Autumn Statement 2013

Resisting Temptation!

With a general election only 18 months away and recent economic data showing a significant improvement in the government’s finances, George Osborne may have been tempted to introduce some significant tax savings to the voting public.  However, he has largely resisted temptation (at least for now!) and continues to focus primarily on reducing the government’s annual deficit, as well as introduce some measures that are clearly politically driven.

We have summarised below the main new changes that were announced today from a tax viewpoint:

Capital gains tax on the sale of a former main residence

The current tax regime is relatively generous in that it allows an individual a period of up to 3 years of “deemed occupation” of a former main residence, even though the individual no longer lives in the property (usually because they have moved into a new main residence).

The Chancellor announced today that this “deemed occupation” period of 3 years is to be halved to 18 months.  For some individuals, this could result in a significant increase in the amount of capital gains tax that they will now have to pay when they sell their former homes in the future.

One important point to note is that the introduction of this unfavourable tax change has been deferred until 6 April 2014 and consequently any individuals who fall into these circumstances and currently have their property on the market for sale, should seriously consider taking steps to ensure that the property is sold before 6 April 2014.  Likewise, any individuals who have a former main residence which has increased significantly in value should consider taking planning action before 6 April 2014 in order to crystallise the associated capital gain and thereby lock into the current 3 years relief.

Transferable allowance

From 6 April 2015, spouses and civil partners will be able to transfer £1,000 of their income tax personal allowance to their spouse or civil partner.  Only couples where neither partner is a higher or additional rate tax payer will be eligible to make the transfer.  This change is largely politically driven, as the tax savings will be worth a maximum of £200 per annum (the transferable amount will be increased in future tax years in proportion to any increases in the personal allowance).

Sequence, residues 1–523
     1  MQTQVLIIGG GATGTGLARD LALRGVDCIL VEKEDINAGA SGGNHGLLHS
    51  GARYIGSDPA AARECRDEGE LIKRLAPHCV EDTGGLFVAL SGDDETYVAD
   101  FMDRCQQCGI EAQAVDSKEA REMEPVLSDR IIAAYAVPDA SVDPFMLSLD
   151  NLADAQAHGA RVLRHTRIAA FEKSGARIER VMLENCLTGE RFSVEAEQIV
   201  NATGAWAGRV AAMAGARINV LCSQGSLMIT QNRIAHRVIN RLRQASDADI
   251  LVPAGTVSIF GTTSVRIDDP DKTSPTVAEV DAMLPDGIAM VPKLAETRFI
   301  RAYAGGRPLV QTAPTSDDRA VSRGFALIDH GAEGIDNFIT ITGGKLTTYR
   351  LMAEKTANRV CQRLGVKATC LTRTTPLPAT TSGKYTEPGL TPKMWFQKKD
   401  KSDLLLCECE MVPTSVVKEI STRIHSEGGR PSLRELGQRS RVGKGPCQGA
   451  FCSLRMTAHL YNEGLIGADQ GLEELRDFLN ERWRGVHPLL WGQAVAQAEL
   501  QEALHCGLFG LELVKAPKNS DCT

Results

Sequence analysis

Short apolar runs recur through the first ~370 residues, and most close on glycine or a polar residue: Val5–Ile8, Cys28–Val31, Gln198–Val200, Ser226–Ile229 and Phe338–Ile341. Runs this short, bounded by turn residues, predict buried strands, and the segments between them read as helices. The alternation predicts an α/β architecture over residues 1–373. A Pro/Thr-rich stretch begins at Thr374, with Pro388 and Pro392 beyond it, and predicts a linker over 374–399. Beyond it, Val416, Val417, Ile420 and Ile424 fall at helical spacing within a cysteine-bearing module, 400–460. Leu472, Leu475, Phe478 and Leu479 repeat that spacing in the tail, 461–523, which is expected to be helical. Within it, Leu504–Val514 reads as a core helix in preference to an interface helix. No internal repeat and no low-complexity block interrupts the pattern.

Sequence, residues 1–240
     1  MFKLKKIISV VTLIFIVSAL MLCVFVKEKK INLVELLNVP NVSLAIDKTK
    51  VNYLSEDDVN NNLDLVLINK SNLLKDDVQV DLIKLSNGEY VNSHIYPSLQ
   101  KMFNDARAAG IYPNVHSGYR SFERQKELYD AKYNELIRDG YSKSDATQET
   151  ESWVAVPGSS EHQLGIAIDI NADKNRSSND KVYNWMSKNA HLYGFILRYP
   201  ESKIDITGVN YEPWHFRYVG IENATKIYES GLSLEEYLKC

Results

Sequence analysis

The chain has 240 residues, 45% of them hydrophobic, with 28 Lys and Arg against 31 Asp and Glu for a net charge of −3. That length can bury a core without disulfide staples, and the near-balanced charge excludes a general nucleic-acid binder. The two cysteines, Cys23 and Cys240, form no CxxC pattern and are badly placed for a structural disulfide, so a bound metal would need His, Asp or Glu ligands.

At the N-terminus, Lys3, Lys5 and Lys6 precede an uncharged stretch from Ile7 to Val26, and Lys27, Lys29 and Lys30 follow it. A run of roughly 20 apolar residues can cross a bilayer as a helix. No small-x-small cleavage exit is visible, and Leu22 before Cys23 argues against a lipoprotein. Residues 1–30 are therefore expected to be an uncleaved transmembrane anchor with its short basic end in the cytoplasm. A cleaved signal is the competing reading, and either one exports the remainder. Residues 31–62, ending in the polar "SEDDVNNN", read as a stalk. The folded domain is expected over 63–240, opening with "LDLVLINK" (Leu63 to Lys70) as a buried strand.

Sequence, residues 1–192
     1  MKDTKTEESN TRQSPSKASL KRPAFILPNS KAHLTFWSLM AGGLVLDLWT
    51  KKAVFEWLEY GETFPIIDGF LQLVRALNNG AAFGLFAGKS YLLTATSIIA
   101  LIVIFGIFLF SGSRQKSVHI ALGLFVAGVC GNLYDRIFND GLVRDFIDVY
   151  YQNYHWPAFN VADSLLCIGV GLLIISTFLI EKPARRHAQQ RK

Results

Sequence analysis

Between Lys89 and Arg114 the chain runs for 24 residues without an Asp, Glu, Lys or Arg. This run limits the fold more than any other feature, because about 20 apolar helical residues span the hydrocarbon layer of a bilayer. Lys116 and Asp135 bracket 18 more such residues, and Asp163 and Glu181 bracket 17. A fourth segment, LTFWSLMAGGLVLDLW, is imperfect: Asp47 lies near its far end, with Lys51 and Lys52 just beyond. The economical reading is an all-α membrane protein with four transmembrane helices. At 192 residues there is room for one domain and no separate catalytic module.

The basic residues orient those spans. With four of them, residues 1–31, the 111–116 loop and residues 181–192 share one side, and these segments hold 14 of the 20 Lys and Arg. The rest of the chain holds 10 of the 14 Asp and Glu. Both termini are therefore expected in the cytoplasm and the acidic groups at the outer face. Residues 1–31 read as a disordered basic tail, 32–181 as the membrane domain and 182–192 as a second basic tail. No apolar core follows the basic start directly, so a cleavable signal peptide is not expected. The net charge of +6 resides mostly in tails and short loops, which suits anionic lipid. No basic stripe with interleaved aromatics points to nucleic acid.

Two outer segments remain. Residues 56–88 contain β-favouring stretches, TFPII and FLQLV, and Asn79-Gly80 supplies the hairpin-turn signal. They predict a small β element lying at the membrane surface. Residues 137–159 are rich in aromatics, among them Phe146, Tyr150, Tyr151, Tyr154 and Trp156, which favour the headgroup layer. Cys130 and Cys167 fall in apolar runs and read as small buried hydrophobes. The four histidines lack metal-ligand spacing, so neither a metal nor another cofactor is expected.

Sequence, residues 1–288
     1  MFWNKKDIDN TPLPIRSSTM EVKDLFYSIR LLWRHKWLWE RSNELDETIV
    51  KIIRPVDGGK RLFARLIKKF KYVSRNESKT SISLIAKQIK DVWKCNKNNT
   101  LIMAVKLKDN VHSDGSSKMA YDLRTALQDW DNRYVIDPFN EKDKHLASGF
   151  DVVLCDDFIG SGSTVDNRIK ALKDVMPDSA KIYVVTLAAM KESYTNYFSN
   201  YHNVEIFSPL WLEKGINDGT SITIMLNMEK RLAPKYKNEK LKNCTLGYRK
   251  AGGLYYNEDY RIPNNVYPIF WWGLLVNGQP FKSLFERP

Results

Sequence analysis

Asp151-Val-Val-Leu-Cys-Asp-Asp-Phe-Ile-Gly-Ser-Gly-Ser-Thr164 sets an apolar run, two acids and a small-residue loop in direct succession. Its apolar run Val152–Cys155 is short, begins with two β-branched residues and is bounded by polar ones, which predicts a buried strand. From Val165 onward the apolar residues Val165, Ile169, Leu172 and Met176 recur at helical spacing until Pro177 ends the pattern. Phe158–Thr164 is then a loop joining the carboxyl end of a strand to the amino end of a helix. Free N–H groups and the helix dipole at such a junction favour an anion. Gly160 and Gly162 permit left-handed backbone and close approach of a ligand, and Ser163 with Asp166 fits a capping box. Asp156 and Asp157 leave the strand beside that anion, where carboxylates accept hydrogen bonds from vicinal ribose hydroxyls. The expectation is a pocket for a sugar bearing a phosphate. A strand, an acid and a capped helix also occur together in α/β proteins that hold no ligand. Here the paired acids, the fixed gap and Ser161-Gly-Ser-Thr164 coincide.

Non-residents and capital gains tax

As rumoured over the last few months in the media, non-residents will no longer be exempt from capital gains tax on the sale of property that they own in the UK.  There was some good news however in that the change will not be introduced until 6 April 2015, which will allow time for non-residents to reorganise the ownership of their UK properties and consequently take advantage of the current favourable tax regime.

Inheritance tax and trusts

The government has been consulting on the simplification of trusts and has confirmed legislation will be introduced to simplify filing and payment dates for IHT relevant property trust charges (10-year anniversary and exit charges). Legislation will also be introduced to treat income arising in such trusts which remains undistributed for more than 5 years as part of the trust capital when calculating the 10-year anniversary charge.

Perhaps the area of greatest concern in the consultation process is the proposed removal of the favourable treatment currently available for pilot trusts, which was anticipated to take effect from 6 April 2014.  There was a glimmer of hope today in that the Chancellor has announced that further consultation will now take place on pilot trusts and it will not be until 2015 at the earliest before any changes are made.

The government will extend with immediate effect from 5 December 2013 the capital gains tax ‘uplift’ provisions that apply on the death of a vulnerable beneficiary and extend from 6 April 2014 the range of trusts that qualify for special income tax, capital gains tax and inheritance tax treatment. The government will also consult further on ways to reform the tax treatment of trusts established to safeguard property for the benefit of vulnerable people.

Business Rates

Business rates are an expensive fixed overhead cost for businesses and a great deal of lobbying has been taking place from the business community over recent months.  The government has reacted by announcing various measures to decrease this burden on businesses, in particular smaller businesses and the retail sector.

The government has announced it will help all businesses by capping the RPI increase in business rates to 2% in 2014-15. Without the change the increase would have been 3.2%.